The industry days supply dropped again in March, the second consecutive monthly decline.
There was a 55-day supply of light vehicles on April 1, down from 59 days a month earlier.
A year ago, inventories were higher by more than 500,000 cars and light trucks.
"Our problem is inventory - I need trucks," said Bill Lovejoy, General Motors group vice president of North American vehicle sales, service and marketing.
GM's days supply climbed slightly in March to 62 days, up from 58, including small increases in both cars and light trucks.
GM's sales in March were 4.9 percent below the year-ago month, but that included a 4.7 percent increase in light-truck sales.
Besides trucks, Lovejoy complained that GM could sell more cars such as the Chevrolet Impala if there were more inventory. The Impala had a 35-day supply April 1, up from 26 a month ago.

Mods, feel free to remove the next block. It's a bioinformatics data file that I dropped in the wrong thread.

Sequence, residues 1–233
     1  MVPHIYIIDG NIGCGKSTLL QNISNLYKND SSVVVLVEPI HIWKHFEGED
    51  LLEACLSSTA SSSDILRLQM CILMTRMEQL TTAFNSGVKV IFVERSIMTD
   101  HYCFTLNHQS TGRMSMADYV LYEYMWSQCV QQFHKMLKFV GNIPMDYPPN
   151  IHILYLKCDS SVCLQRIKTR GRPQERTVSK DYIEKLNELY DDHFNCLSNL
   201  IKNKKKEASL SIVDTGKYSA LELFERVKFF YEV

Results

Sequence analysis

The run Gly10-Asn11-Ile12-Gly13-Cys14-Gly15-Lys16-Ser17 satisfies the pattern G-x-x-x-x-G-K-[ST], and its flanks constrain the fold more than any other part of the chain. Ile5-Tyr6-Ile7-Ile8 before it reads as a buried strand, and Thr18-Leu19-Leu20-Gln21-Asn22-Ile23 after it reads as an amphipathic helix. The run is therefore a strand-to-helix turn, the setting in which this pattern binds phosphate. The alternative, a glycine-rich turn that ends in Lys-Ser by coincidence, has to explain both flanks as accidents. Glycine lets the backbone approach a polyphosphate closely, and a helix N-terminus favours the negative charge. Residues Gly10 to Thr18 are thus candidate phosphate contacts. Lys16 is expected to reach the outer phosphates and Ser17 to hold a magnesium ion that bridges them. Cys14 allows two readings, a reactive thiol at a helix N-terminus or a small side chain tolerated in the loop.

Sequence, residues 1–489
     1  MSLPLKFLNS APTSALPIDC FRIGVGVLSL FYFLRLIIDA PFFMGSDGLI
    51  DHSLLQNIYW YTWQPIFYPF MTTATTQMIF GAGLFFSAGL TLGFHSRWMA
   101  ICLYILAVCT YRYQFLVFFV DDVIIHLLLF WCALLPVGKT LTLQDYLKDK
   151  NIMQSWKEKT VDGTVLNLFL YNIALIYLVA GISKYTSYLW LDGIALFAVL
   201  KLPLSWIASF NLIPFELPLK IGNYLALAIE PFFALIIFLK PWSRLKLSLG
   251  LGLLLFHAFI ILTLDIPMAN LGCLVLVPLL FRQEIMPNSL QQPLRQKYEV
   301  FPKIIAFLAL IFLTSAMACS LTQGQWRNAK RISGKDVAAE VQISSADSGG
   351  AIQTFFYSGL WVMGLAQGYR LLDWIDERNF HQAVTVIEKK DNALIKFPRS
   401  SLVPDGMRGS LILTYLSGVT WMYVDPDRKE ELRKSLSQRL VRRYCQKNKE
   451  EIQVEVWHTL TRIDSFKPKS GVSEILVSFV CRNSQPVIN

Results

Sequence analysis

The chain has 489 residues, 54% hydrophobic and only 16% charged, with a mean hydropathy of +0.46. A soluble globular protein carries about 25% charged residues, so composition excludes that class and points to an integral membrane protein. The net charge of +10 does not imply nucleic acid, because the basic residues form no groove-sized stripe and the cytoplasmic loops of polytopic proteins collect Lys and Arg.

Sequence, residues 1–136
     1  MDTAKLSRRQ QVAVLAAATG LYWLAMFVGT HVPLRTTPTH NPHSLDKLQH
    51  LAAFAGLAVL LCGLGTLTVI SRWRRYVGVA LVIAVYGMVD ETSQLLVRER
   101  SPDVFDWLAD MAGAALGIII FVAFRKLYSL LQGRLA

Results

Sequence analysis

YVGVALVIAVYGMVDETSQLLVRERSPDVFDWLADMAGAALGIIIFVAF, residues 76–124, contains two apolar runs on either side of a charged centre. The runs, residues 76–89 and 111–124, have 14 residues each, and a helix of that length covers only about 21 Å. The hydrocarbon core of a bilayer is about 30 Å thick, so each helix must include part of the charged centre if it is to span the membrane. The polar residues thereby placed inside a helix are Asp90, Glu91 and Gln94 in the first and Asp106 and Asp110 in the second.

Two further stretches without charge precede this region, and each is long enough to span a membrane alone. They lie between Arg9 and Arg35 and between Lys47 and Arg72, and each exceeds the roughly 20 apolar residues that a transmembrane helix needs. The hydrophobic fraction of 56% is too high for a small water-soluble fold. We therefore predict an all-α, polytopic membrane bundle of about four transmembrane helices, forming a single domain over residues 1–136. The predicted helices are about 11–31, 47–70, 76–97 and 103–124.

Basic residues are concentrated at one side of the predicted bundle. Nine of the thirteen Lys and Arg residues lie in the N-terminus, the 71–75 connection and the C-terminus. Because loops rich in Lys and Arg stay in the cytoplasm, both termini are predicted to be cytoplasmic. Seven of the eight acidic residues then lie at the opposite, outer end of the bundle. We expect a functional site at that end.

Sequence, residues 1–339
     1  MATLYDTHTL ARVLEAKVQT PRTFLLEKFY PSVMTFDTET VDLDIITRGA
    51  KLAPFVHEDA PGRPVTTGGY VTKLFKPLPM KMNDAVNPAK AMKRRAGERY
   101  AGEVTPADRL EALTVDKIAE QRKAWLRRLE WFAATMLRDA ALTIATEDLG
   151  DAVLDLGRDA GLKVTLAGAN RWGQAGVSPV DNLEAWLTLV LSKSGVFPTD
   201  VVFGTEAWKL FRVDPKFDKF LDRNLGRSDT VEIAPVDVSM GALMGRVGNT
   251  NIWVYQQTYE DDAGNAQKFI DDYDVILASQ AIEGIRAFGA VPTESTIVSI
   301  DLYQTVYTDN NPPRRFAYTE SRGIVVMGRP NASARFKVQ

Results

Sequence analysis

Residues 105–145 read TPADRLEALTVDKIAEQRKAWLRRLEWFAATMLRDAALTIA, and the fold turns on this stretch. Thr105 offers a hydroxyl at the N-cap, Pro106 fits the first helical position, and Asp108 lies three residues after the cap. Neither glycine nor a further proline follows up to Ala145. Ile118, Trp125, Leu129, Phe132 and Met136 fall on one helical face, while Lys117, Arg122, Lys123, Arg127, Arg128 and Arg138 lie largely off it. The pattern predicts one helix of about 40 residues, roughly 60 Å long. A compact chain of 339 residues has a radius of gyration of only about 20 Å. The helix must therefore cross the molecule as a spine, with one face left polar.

On April 2, GM raised its second-quarter production forecast for North America to 1.48 million, a 4 percent increase from the last forecast.
Ford Motor Co. also is likely to increase its second-quarter production schedule Wednesday, April 17, when the company reports its first-quarter financial results, said George Pipas, sales analysis and reporting manager.
In March, Ford whittled its days supply to 64, from 72 a month earlier.
DaimlerChrysler cut its U.S. inventory to 56 days, from 64.
As usual, import brands had much lower inventories than the Big 3.